web page:
Medicare Part B Premiums: New Rules For Beneficiaries With Higher Incomes Frequently Asked Questions
languages: English, Spanish
"A new law is changing how Part B premiums are calculated for some beneficiaries..."

web page:
Medicare Plan Choices

source:AARP
languages: English, Spanish
from the web page: "...you may have a choice of how you get your health care in Medicare. You can always choose the Original Medicare Plan, open to everyone with Medicare. Or, you may be able to choose a Medicare Advantage Plan. Medicare Advantage Plans are health plans offered by private insurance companies that provide you your Medicare benefits..."
 
more from AARP:
web page:
Original Medicare: Doctor, Home Health and Preventive Care
languages: English
from the web page: "Medicare Part B helps pay for doctor bills, some home health care, certain preventive services, outpatient hospital care, medical equipment and supplies, laboratory services, x-rays, physical therapy, mental health services, ambulance services, and blood. It does not pay all of these costs. You must pay some of these costs too..."



web page:
Medicare Part B monthly premiums in 2007 - How much are the 2007 monthly premiums for Medicare Part B?

source:Centers for Medicare & Medicaid Services FAQ's
languages: English
from the web page: "Starting January 1, 2007, Your Part B Premium will be Based on Your Income... Most people will pay the standard monthly Part B premium of $93.50 in 2007. Some people will pay a higher premium based on their modified adjusted gross income...


web page:
Substantially Higher Part B Premiums in 2007 As Medicare Means Testing Starts

source:The Senior Citizens League
languages: English
from the web page: "For the first time in Medicare's history, millions of seniors will be required to pay substantially more for their Medicare Part B premiums than other seniors next year. In 2007 the government will begin "income relating," or means testing. Higher income seniors will have to pay more for their doctors' services and outpatient coverage. The change, which comes as part of the 2003 Medicare drug legislation, could affect as many as 2.3 million seniors according to estimates by the Congressional Budget Office (CBO)...


web page:
Medicare Part B Premiums To Increase 11.2% in 2007 to Nearly $100 Per Month, Bush Administration Says

source:Kaiser Daily Health Policy Report
languages: English
from the web page: [Jul 12, 2006] "The monthly premium for Medicare Part B will increase a projected 11.2% next year to at least $98.40, although the increase might be slightly higher, the Bush administration announced on Tuesday, the AP/Seattle Post-Intelligencer reports...


Medicare brochure or publication:
Medicare and Other Health Benefits: Your Guide to Who Pays First

source:Federal Citizen Information Center of the U.S. General Services Administration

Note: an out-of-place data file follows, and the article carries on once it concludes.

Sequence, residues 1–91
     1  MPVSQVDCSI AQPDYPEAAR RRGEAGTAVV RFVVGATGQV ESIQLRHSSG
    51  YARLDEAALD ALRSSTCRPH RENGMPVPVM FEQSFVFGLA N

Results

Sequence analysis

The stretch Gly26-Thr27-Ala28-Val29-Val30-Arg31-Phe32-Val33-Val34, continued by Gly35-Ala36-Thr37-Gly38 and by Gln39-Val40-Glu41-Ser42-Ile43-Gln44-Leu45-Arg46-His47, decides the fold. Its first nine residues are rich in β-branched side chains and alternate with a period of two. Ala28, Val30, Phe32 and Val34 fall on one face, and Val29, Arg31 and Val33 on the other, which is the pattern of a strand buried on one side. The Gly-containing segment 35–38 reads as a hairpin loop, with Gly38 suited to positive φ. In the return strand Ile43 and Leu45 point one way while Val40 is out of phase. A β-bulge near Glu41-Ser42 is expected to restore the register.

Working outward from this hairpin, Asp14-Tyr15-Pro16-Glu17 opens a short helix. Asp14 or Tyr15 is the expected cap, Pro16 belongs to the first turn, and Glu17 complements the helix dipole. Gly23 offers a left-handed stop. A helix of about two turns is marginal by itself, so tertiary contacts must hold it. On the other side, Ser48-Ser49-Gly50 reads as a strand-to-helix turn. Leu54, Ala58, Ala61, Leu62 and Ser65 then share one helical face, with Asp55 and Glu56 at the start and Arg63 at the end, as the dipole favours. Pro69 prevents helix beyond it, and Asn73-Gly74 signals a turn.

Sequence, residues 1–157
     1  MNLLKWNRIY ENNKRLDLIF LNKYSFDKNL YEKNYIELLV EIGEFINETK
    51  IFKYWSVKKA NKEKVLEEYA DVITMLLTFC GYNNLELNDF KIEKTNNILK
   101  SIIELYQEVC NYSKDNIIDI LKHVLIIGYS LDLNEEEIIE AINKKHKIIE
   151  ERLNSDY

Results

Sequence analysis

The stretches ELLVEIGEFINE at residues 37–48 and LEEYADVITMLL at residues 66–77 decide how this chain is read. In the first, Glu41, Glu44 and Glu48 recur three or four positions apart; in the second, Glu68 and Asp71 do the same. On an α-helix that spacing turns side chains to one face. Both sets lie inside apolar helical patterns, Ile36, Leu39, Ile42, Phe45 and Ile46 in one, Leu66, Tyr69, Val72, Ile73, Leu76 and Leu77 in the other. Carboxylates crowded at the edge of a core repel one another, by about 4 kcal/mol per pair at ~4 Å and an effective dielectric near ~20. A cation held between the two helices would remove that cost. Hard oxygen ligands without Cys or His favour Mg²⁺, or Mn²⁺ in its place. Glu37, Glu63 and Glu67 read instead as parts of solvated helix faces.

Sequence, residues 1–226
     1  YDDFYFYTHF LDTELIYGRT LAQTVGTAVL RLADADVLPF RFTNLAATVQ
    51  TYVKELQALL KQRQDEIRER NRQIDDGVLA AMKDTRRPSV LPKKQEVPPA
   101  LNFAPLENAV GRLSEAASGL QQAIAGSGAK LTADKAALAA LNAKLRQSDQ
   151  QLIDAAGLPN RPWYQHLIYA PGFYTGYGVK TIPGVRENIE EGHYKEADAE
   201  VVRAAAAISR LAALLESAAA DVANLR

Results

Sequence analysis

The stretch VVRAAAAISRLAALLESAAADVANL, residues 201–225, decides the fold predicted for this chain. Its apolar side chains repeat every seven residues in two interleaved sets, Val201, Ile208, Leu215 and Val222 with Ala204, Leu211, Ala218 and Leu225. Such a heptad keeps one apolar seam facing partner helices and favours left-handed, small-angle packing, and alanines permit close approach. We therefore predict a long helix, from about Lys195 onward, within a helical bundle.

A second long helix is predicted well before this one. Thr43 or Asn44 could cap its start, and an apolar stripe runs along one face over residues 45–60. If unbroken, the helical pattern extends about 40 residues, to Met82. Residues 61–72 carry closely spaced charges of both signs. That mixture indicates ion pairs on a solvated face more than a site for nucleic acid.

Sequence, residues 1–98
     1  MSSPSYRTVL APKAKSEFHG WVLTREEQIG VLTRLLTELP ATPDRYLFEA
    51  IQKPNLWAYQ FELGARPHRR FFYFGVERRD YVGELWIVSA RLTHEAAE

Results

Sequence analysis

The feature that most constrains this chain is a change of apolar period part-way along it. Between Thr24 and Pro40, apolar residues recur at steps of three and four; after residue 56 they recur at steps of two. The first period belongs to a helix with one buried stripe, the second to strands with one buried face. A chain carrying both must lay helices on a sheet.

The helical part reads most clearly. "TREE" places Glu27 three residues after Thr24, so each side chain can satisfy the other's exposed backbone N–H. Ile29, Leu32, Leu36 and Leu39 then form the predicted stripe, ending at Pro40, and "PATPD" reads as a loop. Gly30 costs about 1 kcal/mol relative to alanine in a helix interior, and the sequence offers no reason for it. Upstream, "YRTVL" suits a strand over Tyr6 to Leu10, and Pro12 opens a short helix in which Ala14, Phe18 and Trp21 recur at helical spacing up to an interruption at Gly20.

file size:40 pg.   languages: English
from the brochure:"This Guide explains how Medicare works with other kinds of insurance or coverage, and who should pay your bills first. Some people who have Medicare have other insurance or coverage that must pay before Medicare pays its share of your bill. You may have more than one type of insurance or coverage that will pay before Medicare...."
 
more from Federal Citizen Information Center of the U.S. General Services Administration:
web page:
The Facts about Medicare’s New Preventive Benefits
languages: English
from the web page: "Starting January 1, 2005, Medicare will cover these three new preventive benefits:
• One-time “Welcome to Medicare” physical exam for people new to Medicare • Cardiovascular screening • Diabetes screening..."



web page:
How to Read Your Medicare Summary Notice (MSN) - Part B

source:Medicare.gov - The Official U.S. Government Site for People with Medicare
languages: English, Spanish
from the web page: "Below is a sample Medicare Summary Notice (MSN) for Part B services and information on how to read it. The MSN is not a bill. Do not send money to Medicare or to the provider until you get a bill..."


web page:
Federal Employees Health Benefits Program Medicare and FEHB FAQs

source:U.S. Office of Personnel Management
languages: English, Spanish
from the web page: "Medicare Part B Coverage
* Do I Have to Take Part B Coverage? * How Much Does Part B Coverage Cost? * What Happens If I Don't Take Part B as Soon as I'm Eligible?"



web page:
Medicare: Part A & B

source:University of Iowa Hospitals and Clinics
languages: English, Spanish
from the web page: "...Medicare Part B is optional and requires a monthly premium. It covers certain medical and outpatient services, including physician care. The premium varies and there is an annual deductible. After the deductible is met, Medicare B will pay 80 percent of Medicare- approved charges for covered services. You are responsible for the remaining 20 percent of the Medicare approved charges..."


web page:
Got Medicare sign-up headache? Here's help

source:The Seattle Times
languages: English
from the web page: "Q: I saw an ad for a Medicare Advantage plan with free monthly premiums. What's the catch?
A: It's not quite "free," because the government will still be deducting your Medicare Part B premiums for physician services (slated to rise to $96.40 a month starting next year) from your Social Security checks. The premiums for private Medicare plans pay for extra benefits you don't get with traditional Medicare...."